Authorities in Texas say that nearly 120 reported drug overdoses in Austin and Dallas in a five-day period might be linked to the same Dallas supplier.
The overdoses involve K2, a synthetic drug that is supposed to mimic the effects of marijuana. It is also marketed under other names, like Spice and Black Mamba.
"Several [patients] came in with similar symptoms of psychosis, altered mental status, abnormal behavior -- ranged from very sedated to an agitated state," Dr. James d’Etienne of Baylor Medical Center told WFAA. “We don't know what they are putting into these synthetic drugs."
Patients ranged from teens to individuals in their mid-50s, doctors told the station. Some of them were so sick that they had to be watched to keep from harming themselves.
Toxicology tests will determine whether all the drugs came from the same batch, according to police. Authorities will also investigate whether the K2 was laced with other drugs.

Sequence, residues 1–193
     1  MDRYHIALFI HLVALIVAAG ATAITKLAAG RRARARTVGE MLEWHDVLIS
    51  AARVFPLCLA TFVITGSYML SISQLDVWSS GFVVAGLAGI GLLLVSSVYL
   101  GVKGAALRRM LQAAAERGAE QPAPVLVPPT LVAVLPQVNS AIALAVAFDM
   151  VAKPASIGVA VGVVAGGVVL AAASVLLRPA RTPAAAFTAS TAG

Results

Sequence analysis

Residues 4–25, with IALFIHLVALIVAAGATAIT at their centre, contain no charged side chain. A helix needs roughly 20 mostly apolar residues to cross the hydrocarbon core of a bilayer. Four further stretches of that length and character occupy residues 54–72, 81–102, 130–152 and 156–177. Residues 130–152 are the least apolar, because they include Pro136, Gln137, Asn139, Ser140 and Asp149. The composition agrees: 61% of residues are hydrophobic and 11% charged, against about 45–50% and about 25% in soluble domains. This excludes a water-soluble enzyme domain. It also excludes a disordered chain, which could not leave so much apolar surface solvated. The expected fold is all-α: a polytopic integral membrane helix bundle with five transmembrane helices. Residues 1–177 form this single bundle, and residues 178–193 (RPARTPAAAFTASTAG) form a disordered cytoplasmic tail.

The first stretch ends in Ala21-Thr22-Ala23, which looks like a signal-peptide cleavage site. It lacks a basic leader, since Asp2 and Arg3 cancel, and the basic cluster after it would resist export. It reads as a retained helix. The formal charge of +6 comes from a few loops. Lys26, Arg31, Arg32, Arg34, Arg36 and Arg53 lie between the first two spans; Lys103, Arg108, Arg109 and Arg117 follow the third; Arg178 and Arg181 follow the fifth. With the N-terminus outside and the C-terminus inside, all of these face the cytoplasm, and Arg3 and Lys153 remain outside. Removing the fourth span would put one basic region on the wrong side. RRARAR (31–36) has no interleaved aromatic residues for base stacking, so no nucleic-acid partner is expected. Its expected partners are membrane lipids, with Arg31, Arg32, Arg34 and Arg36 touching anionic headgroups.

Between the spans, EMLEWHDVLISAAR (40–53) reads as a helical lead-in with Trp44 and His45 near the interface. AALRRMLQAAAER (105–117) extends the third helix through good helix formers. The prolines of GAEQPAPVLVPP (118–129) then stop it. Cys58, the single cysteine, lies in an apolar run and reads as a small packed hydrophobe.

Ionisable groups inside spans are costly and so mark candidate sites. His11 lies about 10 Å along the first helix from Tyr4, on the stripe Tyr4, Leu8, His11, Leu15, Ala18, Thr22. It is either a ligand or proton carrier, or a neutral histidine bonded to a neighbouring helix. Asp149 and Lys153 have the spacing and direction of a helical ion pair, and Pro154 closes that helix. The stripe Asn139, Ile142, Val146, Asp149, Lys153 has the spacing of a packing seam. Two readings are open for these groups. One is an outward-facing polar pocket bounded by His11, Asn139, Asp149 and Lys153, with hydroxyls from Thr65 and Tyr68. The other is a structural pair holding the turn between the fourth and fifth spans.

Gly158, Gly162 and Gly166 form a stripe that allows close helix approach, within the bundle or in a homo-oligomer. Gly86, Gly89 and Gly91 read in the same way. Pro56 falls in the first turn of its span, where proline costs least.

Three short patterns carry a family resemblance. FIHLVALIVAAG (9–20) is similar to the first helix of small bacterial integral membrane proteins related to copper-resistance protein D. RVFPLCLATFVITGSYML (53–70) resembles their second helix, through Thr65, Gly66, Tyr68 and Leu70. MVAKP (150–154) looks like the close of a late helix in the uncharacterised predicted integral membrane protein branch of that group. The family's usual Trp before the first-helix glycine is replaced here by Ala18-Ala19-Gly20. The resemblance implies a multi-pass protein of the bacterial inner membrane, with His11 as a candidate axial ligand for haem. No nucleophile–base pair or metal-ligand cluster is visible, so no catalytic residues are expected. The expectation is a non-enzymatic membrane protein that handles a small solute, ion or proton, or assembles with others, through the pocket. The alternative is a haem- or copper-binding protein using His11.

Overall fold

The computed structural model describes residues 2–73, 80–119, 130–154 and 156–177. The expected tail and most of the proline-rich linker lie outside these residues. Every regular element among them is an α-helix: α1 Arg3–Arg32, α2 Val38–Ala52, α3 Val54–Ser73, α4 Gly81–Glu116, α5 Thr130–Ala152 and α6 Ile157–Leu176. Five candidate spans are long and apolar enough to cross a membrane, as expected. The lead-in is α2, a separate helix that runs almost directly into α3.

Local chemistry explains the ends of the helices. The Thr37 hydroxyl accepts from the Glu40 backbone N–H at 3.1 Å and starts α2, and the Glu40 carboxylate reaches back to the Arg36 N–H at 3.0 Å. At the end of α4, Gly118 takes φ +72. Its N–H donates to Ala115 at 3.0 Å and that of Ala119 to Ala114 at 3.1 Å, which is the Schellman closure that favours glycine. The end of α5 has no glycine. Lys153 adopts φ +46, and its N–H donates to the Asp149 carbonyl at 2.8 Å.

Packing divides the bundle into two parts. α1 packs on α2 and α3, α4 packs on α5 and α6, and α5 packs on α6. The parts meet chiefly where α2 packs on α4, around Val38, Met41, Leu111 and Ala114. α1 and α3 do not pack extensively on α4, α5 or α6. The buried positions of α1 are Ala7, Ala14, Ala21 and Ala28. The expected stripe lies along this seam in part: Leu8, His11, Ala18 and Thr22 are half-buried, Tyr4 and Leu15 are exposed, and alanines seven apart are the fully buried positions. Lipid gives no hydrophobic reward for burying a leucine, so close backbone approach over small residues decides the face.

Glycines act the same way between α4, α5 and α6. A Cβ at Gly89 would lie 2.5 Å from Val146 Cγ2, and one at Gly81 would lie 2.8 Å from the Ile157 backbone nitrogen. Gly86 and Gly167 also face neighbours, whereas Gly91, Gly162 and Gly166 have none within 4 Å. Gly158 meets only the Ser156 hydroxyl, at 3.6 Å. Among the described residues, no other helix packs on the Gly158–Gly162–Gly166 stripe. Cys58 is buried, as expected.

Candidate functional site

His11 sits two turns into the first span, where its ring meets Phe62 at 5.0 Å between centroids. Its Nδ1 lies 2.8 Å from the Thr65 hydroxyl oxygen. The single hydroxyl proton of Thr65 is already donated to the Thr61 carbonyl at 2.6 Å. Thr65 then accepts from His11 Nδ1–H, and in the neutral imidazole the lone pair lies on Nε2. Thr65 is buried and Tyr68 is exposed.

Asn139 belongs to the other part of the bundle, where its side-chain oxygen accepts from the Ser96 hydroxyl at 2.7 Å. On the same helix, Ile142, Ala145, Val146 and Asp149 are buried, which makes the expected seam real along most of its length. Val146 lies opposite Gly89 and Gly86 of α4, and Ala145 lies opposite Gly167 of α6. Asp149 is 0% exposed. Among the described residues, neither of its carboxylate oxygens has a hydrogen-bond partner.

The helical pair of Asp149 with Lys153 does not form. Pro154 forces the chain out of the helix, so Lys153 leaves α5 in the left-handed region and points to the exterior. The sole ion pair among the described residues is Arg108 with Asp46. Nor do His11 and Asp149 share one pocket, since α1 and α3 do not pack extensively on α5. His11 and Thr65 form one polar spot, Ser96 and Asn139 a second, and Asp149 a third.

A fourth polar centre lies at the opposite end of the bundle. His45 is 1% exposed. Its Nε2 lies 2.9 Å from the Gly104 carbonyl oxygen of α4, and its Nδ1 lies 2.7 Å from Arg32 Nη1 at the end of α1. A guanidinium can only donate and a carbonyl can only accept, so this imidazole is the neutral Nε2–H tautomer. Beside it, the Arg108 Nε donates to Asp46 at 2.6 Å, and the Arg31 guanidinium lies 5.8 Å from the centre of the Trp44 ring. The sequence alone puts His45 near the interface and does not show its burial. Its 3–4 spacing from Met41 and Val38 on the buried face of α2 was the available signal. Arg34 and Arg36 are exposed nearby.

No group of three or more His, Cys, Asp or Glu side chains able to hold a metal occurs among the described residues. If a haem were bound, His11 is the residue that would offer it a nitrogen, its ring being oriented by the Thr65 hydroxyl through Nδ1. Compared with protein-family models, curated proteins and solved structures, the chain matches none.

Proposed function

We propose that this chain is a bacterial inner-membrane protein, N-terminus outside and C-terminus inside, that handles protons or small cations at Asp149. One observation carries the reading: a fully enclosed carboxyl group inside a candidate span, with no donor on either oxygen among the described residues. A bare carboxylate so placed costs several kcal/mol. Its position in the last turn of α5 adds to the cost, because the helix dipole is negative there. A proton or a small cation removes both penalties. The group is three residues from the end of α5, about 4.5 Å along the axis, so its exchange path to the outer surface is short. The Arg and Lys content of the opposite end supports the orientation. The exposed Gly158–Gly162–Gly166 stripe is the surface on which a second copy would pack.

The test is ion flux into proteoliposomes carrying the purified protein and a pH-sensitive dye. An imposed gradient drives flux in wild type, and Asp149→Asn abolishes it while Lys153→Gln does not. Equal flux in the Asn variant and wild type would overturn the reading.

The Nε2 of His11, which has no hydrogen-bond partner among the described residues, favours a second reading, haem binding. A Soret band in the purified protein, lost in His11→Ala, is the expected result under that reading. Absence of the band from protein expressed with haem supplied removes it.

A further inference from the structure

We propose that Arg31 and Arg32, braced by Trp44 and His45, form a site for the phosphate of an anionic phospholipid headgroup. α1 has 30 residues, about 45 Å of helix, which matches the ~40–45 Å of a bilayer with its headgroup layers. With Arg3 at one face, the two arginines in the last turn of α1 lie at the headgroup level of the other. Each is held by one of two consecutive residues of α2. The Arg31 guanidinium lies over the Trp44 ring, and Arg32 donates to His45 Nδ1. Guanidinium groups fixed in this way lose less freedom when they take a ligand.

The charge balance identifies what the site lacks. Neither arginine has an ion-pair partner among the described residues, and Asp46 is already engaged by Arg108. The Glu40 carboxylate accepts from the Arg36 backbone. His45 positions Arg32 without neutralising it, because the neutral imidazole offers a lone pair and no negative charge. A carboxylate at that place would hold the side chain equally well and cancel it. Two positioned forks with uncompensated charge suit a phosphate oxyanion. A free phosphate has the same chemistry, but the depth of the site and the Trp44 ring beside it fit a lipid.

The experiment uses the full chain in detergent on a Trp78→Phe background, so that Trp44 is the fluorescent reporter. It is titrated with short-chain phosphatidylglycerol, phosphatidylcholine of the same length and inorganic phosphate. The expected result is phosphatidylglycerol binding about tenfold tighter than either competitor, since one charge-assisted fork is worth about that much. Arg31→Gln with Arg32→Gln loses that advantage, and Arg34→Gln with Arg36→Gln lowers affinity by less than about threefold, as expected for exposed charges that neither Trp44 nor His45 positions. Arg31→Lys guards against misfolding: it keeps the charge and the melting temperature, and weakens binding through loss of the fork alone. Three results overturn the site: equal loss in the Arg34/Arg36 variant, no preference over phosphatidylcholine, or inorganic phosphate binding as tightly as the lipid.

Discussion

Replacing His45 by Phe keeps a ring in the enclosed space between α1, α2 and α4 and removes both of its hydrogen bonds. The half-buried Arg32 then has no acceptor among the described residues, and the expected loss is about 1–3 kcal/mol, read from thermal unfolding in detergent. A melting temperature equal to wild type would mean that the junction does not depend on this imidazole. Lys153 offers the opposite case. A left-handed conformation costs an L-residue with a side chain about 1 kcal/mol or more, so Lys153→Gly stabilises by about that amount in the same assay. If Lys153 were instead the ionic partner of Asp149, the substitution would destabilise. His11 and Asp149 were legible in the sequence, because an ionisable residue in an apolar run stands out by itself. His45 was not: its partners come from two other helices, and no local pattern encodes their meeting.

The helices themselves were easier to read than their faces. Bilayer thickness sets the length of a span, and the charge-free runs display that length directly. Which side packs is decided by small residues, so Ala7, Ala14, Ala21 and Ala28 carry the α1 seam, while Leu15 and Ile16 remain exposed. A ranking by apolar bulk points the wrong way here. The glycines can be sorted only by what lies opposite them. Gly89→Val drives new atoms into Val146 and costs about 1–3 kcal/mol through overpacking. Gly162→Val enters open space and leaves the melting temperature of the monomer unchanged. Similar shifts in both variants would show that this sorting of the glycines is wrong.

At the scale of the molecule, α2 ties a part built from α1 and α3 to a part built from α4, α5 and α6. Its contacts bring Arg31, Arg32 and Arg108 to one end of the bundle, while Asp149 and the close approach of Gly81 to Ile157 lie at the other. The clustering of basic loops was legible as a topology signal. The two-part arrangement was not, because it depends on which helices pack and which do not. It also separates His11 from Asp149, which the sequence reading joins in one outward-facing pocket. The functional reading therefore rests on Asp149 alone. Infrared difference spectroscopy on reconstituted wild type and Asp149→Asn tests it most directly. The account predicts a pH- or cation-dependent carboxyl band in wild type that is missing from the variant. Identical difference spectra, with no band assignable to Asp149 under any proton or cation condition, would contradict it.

K2 is difficult to regulate because makers change the ingredients often, Stacey Davis, director of prevention programs for the Council on Alcohol and Drug Abuse in Dallas, told WFAA in a separate report.
“The compound is changed,” Davis told the station. “And it’s not illegal, because they have not banned that compilation of the drug.”
Still, some municipalities have enacted bans on K2 and other synthetic substances.
In 2013, three deaths in Colorado were investigated for possible connections to synthetic marijuana use, prompting officials to call for people to "stop using [the drug] and destroy it."
U.S. poison centers received 5,230 calls about exposures to synthetic marijuana in 2012 and 2,6563 exposures in 2013, according to the the American Association of Poison Control Centers (AAPCC),